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A bill aiming to move up Pennsylvania’s position in the 2024 presidential primary calendar advanced out of a key committee in the state Senate Wednesday, but officials say changing the date less than eight months before the election would present a host of logistical problems.
The Senate State Government Committee unanimously approved a bill that would move the primary up from April 23 to March 19, a change that would be effective only for next year’s election.
The current primary date conflicts with the Jewish holiday of Passover, and the three other states that had primaries scheduled for the same day have already moved their dates. Some observant Jews would be unable to vote in person on the holiday.
The effort to move the primary has strong bipartisan and bicameral support in Pennsylvania, but the exact date it would be moved to is unclear.
Counties, which administer elections, haven’t endorsed a specific date but have “significant concerns” about having enough time to prepare for the new date if the legislative process drags out, said John Buffone, a spokesperson for the County Commissioners Association of Pennsylvania.
“Counties will have to reschedule more than 9,000 polling places in about six months, when they are typically contracted a year or more in advance,” he said. “With that also comes the responsibilities of notifying residents of any changes and rescheduling thousands of poll workers for the 2024 primary.”
Sen. David Argall (R., Schuylkill) — the prime sponsor of the Senate bill that advanced Wednesday — said the Senate is motivated to act quickly because it understands counties are concerned with securing polling locations.
“It’s why we would like to get this bill passed as soon as humanly possible,” he said.
A competing bill was introduced in the state House on Tuesday. That bill, from Democratic Reps. Malcolm Kenyatta (D., Philadelphia) and Jared Solomon (D., Philadelphia), would move the primary to April 2.
The House is not scheduled to return to session until late September, and Kenyatta said the House State Government Committee — of which he is a member — is not scheduled to take up either the Senate bill or his proposal until Oct. 2. If fast-tracked, he said he hopes a bill would be on Shapiro’s desk in early October.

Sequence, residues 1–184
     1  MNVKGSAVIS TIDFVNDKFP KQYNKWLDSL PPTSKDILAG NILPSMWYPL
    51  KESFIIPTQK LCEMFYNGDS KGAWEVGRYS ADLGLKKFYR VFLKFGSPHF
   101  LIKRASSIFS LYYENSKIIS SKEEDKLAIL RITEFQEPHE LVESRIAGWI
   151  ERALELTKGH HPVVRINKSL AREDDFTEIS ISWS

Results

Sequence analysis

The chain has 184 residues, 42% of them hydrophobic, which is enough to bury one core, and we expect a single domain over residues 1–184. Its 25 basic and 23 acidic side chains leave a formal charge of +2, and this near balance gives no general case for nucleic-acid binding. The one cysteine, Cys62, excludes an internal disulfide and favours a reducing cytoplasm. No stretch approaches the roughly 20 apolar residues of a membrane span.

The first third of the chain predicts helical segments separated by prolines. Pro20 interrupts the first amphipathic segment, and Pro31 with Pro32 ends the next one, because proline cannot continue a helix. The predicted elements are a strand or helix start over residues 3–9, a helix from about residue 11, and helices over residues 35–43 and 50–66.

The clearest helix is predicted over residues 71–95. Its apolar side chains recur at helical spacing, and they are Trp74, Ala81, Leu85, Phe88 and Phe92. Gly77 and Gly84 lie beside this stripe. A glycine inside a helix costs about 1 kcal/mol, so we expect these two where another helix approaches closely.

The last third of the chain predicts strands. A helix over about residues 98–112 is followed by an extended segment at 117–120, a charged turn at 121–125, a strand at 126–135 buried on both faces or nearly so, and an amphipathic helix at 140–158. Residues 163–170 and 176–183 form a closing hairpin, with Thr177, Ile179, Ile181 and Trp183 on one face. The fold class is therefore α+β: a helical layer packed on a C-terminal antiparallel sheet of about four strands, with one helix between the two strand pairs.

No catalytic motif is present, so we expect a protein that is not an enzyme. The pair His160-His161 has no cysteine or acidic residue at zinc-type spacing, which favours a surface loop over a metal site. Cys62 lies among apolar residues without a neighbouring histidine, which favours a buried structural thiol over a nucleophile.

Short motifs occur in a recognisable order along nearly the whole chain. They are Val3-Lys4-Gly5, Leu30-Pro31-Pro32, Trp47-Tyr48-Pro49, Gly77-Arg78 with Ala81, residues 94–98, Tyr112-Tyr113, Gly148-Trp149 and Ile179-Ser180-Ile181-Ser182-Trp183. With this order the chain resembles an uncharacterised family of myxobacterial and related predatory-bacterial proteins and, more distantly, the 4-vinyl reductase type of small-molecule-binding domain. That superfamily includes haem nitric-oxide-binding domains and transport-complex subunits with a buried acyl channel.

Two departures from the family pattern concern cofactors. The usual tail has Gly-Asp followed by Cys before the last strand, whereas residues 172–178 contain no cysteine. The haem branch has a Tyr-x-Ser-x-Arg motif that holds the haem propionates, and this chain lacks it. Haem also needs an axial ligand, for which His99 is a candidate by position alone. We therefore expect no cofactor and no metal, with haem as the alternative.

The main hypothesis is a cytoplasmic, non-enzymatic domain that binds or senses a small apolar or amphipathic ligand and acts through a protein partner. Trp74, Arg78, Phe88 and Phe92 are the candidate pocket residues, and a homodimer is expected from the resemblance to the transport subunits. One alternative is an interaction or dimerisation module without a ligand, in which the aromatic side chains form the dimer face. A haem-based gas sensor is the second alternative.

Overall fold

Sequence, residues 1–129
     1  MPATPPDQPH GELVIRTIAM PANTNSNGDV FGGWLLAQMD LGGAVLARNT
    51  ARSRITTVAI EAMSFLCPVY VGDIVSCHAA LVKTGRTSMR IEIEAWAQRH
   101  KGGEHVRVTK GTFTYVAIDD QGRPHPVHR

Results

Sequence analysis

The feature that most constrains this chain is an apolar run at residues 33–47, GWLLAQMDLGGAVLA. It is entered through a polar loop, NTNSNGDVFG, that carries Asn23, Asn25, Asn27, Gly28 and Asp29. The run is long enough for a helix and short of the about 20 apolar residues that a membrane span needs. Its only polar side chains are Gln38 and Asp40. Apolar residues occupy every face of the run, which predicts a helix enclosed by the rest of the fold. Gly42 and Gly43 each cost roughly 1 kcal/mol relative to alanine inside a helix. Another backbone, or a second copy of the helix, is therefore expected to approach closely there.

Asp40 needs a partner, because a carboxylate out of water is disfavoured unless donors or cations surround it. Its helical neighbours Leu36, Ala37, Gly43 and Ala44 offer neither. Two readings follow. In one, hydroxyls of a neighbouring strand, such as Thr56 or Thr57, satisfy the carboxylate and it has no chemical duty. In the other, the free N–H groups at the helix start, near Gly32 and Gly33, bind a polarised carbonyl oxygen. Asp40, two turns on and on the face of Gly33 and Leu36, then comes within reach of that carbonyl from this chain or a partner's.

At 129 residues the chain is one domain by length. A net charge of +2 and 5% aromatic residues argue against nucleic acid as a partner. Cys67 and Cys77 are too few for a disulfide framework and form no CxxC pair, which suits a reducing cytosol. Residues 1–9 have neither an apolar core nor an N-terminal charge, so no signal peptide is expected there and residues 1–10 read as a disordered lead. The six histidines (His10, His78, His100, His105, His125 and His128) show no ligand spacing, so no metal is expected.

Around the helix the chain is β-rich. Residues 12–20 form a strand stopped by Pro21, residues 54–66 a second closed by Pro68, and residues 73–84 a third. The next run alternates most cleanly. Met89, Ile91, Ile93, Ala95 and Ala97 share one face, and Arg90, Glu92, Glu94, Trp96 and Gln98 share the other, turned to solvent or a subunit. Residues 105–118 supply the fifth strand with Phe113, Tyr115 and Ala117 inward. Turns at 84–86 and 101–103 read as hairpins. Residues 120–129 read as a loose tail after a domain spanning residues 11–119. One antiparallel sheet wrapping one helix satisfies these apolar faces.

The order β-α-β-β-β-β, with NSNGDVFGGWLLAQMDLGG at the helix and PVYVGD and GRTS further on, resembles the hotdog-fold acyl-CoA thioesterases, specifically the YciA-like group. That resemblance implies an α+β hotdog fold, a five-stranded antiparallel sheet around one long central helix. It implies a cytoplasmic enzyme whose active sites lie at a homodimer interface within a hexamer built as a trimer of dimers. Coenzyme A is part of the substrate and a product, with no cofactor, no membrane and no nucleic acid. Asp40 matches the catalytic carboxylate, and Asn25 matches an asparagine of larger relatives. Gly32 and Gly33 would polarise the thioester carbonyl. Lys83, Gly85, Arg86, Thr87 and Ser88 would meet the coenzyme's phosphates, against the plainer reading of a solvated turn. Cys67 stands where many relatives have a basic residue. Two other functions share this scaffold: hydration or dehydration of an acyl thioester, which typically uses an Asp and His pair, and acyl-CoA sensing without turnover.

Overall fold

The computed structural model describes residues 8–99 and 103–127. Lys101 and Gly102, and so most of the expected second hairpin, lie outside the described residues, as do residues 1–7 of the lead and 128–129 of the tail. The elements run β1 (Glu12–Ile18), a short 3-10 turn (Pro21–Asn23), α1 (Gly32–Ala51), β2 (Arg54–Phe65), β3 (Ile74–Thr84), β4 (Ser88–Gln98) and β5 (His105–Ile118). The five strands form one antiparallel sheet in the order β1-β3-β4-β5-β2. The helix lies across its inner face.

The House bill originally aimed to change the primary date to March 19, but switched to April after election administrators voiced concerns over the tight timeframe and lawmakers realized campaigns would need to meet deadlines to get on the ballot in the middle of the winter holidays.
State Sen. Amanda Cappelletti (D., Montgomery), the ranking Democrat on the Senate State Government Committee, said the Senate heard similar concerns.
She said that earlier on Wednesday the committee received messages from election administrators who argued that March 19 was too soon.
Those administrators prefer a primary date of April 9 or April 16, Cappelletti said.
She said state Senators plan to add an amendment to the bill when it comes up for floor debate once the chamber returns to session in mid-September, adjusting the measure so that it moves the primary to an as-yet-undecided date later than March 19.
A spokesperson for Senate President Pro Tempore Kim Ward confirmed the date was still under discussion and an amendment may come, but that Republicans prefer the March 19 or March 26 dates to move Pennsylvania up in the presidential primary calendar.
“I would expect that to firm up in the next week or so,” spokesperson Erica Clayton Wright said. “Moving it into April doesn’t [make Pennsylvania any more politically relevant], so obviously the sooner we can do it the better.”
She added that the plan is currently to have the full Senate vote on a bill in September.
Forrest Lehman, an election administrator in Lycoming County, said election directors sometimes book buildings for polling places a year or more in advance, and that a date change may mean some facilities are unavailable, forcing counties to search for new buildings.
“What you’re going to have is, no matter what the date is, when you move it off the predetermined dates, you’re going to have issues with facilities and poll workers,” he said. “Even if we told them today, we are going to have some problems that we are going to have to work out. That’s going to be 10 to 20 times worse if we wait until December:”
The 2020 primary was moved from April to June due to concerns that year about in-person voting in the midst of the COVID-19 pandemic, but Lehman said the situation now is not analogous. That was a move to later in the year rather than earlier and came during a time when mail voting was at a high and most facilities were not in use, and thus could easily accommodate a change.
“Now we’re at a place where facilities are booked, they’re in usage, people are living their normal lives again, so you are absolutely going to have those conflicts,” he said.
An earlier election date also poses a challenge for political campaigns. If the date were moved to March 19, the first date to circulate nomination petitions would be December 19. The April 2 date would set the first day for petitions on January 2.
Circulating nominating petitions over the winter holiday season — which requires volunteers to be out collecting signatures from voters — could pose challenges for campaigns, which Kenyatta said was the second major reason for amending the date in the House bill.
Gov. Josh Shapiro — who has said he does not want the primary to conflict with Passover — said earlier this month that he was fine with whatever date the Legislature selects.
Carter Walker is a reporter for Votebeat in partnership with Spotlight PA. Contact Carter at firstname.lastname@example.org.